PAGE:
Greywood’s Plot (2022) - In Search of a Monster Leads to the Darkness of Man
Updated: Dec 15, 2022
Joe Bob's Drive-In Jamboree is an event when the Mutant Fam come from across the country to celebrate their love of Joe Bob and Darcy, each other, and Horror films. This year, Josh Stifter's (The Good Exorcist) film Greywood's Plot was showcased. Written by Stifter and Daniel Degnan (The Good Exorcist) and starring Keith Radichel, Daniel Degnan, Nathan Strauss, and Josh Stifter.
Dominic (Stifter) isn't doing so well. He lives with his mom (Kim Fagan), he's moody, spends all his time in his room working on his website 'Youwatcher,' obsesses over the brutal reviews of his videos, and is stuck in arrested development. About to end his site and his life, a mysterious package arrives on his doorstep containing a VHS tape with footage of what he believes to be the elusive Chupacabra. His luck may have finally changed.
His best friend, Miles (Radichel), is less than enthusiastic about going deep into the woods to investigate this cryptic video which he insists is a fake. A bit of a fiasco on their Jersey Devil investigation has soured his interest. He reluctantly agrees, and the two head out for fortune and glory.
The first half of Greywood's Plot feels like it could be part of the View Askewniverse, with quick, rapid-fire dialogue, conversations that feel authentic, amateur improve (using the F word as a noun and verb), and that 90s indie movie vibe. On the surface, it's a quest to find and film elusive crypto, but underneath, so much more.
For one, Dom, it's a last-minute attempt to find meaning and purpose in a life he feels has none. For the other, it's a way to say goodbye to a friendship that has anchored him for far too long. A lifetime of friendship sometimes wields scars that don't heal so quickly. The juxtaposition of home movies as kids with the conversations, laughter, and arguments as adults gives actual weight to their history.
If the first half of Greywood's Plot is 'Clerks,' then the second is definitely 'Tusk.' The whole mood of the movie takes a 180-degree turn as they come upon a Cabin in the woods, and the banter and light-heartedness fade with the setting sun. There's an animation about two high school students that were eaten by hobos. It's crude and hyper-gory, but it's a great way to up the production value and the grindhouse aesthetic. Much like the O Ren Ishii animation in Kill Bill, it is a harbinger of violence.
A modern-day twist on the Island of Dr. Moreau's tale, the latter half goes more philosophical while becoming a full-on body horror creature feature. With the introduction of Doug Greywood (Degnan) as the property owner, it's unclear if he's here to help the fellas or do them harm. As the masks are removed, along with a few faces, and the true nature of our antagonist is revealed, Dom will have to decide if his life is worth saving as Miles, lost in a sea of nightmare creatures, must decide how far he is willing to go for his friend.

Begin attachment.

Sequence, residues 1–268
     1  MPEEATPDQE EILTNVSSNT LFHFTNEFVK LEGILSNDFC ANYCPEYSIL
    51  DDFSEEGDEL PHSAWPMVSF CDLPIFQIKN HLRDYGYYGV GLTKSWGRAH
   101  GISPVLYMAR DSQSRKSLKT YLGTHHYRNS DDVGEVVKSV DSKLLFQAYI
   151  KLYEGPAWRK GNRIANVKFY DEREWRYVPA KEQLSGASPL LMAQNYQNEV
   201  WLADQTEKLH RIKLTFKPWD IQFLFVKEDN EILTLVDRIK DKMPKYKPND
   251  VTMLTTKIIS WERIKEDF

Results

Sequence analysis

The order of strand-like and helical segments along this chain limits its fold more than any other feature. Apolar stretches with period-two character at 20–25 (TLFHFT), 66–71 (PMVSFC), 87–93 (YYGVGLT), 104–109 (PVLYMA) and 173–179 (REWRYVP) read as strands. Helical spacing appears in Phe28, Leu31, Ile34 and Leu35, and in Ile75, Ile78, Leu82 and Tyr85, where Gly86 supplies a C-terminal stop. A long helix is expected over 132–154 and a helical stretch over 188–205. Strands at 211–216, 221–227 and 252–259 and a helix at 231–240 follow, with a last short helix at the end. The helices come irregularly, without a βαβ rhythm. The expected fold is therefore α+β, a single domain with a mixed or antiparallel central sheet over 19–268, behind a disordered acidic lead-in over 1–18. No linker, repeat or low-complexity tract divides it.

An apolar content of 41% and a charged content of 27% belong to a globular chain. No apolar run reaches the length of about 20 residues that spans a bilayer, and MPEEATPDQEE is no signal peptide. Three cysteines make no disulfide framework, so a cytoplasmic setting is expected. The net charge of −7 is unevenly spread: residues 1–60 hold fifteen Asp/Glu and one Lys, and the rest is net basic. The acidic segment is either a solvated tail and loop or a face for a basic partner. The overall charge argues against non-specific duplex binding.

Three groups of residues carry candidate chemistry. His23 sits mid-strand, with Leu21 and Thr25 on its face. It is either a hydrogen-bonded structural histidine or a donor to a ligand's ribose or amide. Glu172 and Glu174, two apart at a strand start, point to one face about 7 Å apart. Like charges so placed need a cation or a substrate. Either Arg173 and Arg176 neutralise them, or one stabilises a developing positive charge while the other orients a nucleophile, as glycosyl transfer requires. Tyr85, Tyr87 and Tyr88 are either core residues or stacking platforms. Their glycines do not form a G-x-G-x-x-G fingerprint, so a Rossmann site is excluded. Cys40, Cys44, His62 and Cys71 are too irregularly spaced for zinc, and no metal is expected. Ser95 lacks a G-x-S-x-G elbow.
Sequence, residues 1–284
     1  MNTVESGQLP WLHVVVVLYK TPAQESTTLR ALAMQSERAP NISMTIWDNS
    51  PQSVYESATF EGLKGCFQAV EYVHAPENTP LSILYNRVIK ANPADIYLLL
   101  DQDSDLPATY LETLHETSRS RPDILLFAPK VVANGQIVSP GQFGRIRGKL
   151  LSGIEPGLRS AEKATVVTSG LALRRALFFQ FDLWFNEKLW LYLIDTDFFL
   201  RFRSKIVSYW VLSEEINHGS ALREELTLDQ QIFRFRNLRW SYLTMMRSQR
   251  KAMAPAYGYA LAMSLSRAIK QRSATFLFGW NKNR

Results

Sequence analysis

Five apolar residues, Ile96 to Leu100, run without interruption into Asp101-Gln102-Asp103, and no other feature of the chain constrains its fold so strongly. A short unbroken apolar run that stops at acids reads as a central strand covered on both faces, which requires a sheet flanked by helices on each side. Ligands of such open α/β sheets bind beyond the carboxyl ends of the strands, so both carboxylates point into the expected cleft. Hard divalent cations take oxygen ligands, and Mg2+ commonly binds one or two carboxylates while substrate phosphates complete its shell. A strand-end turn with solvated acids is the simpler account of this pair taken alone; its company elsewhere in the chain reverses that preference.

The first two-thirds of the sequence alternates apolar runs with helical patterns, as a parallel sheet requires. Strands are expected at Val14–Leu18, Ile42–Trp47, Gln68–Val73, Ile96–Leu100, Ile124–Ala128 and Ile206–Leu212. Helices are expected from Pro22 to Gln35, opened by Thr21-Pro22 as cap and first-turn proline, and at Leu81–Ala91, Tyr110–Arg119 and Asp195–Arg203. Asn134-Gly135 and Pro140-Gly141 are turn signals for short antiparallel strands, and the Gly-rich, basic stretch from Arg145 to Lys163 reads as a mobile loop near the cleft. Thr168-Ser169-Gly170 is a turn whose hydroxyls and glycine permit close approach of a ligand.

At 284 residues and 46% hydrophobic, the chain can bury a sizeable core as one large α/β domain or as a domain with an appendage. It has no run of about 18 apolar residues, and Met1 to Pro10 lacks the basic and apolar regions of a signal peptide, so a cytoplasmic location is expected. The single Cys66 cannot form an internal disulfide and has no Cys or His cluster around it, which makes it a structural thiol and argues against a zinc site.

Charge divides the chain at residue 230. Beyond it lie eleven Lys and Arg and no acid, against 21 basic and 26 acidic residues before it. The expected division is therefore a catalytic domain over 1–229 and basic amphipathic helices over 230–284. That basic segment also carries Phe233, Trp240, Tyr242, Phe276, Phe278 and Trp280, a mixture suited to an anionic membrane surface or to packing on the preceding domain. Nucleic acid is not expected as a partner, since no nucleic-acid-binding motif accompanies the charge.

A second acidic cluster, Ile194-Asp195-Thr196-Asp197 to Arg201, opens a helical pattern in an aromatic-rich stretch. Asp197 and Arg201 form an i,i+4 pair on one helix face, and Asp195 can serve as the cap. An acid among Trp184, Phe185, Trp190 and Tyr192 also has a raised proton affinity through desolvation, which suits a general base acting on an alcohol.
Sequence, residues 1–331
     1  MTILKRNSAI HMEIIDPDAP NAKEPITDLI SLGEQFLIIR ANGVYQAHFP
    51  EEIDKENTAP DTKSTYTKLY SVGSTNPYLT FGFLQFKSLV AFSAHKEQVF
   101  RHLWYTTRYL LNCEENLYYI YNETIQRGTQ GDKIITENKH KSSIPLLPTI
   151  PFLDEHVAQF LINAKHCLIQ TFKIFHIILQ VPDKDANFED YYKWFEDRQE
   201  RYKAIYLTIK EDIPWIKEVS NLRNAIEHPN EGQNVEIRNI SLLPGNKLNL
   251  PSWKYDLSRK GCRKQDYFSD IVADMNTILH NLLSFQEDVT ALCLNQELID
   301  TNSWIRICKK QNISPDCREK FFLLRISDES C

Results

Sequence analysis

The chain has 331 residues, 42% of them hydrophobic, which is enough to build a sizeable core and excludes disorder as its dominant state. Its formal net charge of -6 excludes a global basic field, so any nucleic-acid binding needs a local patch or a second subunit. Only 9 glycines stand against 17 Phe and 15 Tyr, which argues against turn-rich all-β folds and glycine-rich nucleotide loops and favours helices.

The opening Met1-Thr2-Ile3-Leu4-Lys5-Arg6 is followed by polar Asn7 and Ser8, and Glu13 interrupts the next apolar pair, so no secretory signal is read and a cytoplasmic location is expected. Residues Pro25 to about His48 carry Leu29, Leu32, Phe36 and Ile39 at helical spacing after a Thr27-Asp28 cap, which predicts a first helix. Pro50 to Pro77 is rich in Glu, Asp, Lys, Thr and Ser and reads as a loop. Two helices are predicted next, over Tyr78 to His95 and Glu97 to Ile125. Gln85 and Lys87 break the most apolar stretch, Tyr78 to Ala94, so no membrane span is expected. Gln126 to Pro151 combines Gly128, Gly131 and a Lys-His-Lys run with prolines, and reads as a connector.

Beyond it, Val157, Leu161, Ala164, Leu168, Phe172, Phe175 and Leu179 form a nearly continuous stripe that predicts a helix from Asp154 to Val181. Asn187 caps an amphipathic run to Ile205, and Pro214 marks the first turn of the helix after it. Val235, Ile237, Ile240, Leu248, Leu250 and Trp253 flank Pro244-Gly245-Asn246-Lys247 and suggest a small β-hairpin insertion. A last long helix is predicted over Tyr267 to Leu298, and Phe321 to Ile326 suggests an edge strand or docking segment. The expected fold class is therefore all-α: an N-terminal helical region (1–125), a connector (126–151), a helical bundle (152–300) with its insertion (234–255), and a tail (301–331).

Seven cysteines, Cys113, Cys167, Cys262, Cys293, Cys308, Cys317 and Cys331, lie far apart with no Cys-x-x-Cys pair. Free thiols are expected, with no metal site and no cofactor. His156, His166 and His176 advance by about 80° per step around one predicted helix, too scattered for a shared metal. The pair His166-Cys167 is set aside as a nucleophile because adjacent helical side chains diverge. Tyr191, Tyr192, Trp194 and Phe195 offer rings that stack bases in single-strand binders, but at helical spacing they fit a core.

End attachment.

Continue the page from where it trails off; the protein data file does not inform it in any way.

The decision to go black and white put me in the headspace of classic Universal Monsters. It's fitting as Greywood's Plot shows reverence to the pioneering creatures of the silver screen, as well as George Romero's Night of the Living Dead. A bold choice that's fitting for the project. In some regards, it probably helps sell the effects in a way that otherwise wouldn't have been as effective. Adding "cigarette burns," odd edits, and video feedback elements during transitions gave it that passed-around VHS feel, adding to the nostalgia.
The special effect work here is quite good, apart from a questionable wig choice. The dismemberment moment, final transformation form, and the haunted woods sequence show off the level of craftsmanship the filmmakers achieved on a limited budget. If you're a fan of gore, the wait is worth it as the 3rd act is splattered in it.
I feel the story's first half could have been tighter without losing the relationship foundation. It's a long time before we get going. The footage is well shot, and the performances are solid. However, it feels repetitive. Some music cues don't quite meet the emotion or tone of the scene and take away the fear or tension of the visuals. The score is effective when apparent, and I think it could have been utilized better than needle drops. I'll never hear "Home on the Range" the same again.
Josh Stifter and his team managed to pull off a love letter to the genres that inspired him while using innovative film techniques and his unique voice to craft the world of Greywood's Plot. I think film fans will enjoy the tonal shift and go along for the ride with these two friends as they try to find a monster and themselves. It's incredibly ambitious for DIY filmmaking but shows that you can create something memorable if the passion is there. I look forward to seeing what horrors these filmmakers unleash next.